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In The Community: JEFFERSON'S WALL: AMERICA'S DEBATE OVER CHURCH AND STATE was a big hit on it's first night. Harry Fritz of the University of Montana-Missoula is a friendly and engaging speaker. He mostly had to dissemble The Founding and Founders of America, because most of what we think we know about the Revolution and the Constitution is folklore rather than factual history. I'm not sure he got the point across that established religions lasted into the early 1800's in some states. I think he gave the audience a sense of how remarkable the leaders of our Revolution were, and how they saw a definite division of social purpose between institutions of government and religion in their relatively "unchurched" times. He quoted a lot of James Madison after nobody in the room would answer his challenge for one quote from the "Father of the Constitution" from the audience.
There were about 300 people there, and we're having another on MONDAY -- Dr. Daniel Dreisbach from American University in Washington D.C. is going to speak in depth about Thomas Jefferson -- if there is a keynote lecture, this one's it!
So far I am videotaping the lectures as well as running the sound. I got away with it last night, but I'll be operating a data projector and laptop in April, and I'll be looking for one of these Honor Students to help me then -- I can't be the Clone Ranger in three places at once.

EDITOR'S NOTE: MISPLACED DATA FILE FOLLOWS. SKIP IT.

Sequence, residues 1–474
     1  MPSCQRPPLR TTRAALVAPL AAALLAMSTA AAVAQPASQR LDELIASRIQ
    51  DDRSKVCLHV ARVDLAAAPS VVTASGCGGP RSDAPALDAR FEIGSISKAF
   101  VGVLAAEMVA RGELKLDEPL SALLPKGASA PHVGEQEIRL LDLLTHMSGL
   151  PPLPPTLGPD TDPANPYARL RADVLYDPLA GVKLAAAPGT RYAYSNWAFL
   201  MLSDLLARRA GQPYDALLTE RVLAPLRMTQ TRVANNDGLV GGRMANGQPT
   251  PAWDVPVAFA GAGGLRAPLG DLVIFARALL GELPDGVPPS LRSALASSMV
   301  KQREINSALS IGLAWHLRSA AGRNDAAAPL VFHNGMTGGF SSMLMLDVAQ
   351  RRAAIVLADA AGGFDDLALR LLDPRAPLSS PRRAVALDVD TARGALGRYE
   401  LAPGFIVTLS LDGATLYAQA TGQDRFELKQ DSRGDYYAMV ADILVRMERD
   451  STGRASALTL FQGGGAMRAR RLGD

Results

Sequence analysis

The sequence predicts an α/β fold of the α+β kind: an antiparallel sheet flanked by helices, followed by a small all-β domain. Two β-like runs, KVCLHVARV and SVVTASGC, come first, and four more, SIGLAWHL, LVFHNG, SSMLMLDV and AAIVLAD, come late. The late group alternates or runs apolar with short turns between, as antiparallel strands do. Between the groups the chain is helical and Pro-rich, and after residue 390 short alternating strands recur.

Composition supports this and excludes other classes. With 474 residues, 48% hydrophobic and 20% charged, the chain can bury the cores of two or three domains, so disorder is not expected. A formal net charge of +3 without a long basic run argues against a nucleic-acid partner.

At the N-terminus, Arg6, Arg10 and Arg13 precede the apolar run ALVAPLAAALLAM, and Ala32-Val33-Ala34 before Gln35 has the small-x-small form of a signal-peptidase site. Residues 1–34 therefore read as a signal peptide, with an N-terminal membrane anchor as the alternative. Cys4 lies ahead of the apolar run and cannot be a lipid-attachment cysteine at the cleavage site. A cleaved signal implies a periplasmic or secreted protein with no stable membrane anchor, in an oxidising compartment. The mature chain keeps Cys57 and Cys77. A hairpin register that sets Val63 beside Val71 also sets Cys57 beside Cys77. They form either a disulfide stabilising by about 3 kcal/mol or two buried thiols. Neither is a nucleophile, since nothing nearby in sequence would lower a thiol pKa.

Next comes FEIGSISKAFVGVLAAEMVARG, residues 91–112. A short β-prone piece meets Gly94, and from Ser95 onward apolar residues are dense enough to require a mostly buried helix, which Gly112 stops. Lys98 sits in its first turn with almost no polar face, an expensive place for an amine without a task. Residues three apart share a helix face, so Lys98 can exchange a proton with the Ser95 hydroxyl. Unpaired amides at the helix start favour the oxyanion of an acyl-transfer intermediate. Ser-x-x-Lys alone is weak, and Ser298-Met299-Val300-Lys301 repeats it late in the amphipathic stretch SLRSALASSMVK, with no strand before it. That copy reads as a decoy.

Media Watch: Overcommitment Blues -- Mimes on Miming Edited by Bari Rolfe; Panjamdrum Books 1979 -- I knew this lady from the International Mime Festival in 1974. I became aware of the book via an email from Dr. Lou Campbell. He and she initially organized the Festival and then it spun completely out of anybody's control. I believe she's passed away now. I got it through Interlibrary Loan and have just enough time to xerox the sonofagun. Gawd knows when I'll get the time to properly go through the thing!
I wanted to write a review of Repertory Dance Theatre's concert in Whitefish by now, but I bogged myself down in graphics and plans for Theatre X-Net. Here goes a fast one!
Linda C. Smith, RDT's Artistic Director, acted as presenter and narrater for the evening from a podium at rear Stage Left: Duets to Brazilian - Indian Music -- Three duets to percussion and singing, plus a finish with four dancers. Chien-Ying Wang is a light, graceful lady with a long-torsoed body. She danced with middleweight-sized Thayer Jonutz. Big, blond Chara Huckins danced with big, blond Joshua Larson. Angela Banchero-Kelleher and Lynne Listing have contrasting, but equally graceful styles. Lynne is bigger, and a sense of play comes through her movements. Angela is small, sharp, and precise with an energy that often outshines the lights onstage. They did a lot of tight leaps, rotations, and turns in unison and offset timing. Nicholas Cendese joined Chien-Ying, Thayer, and Joshua in the final section.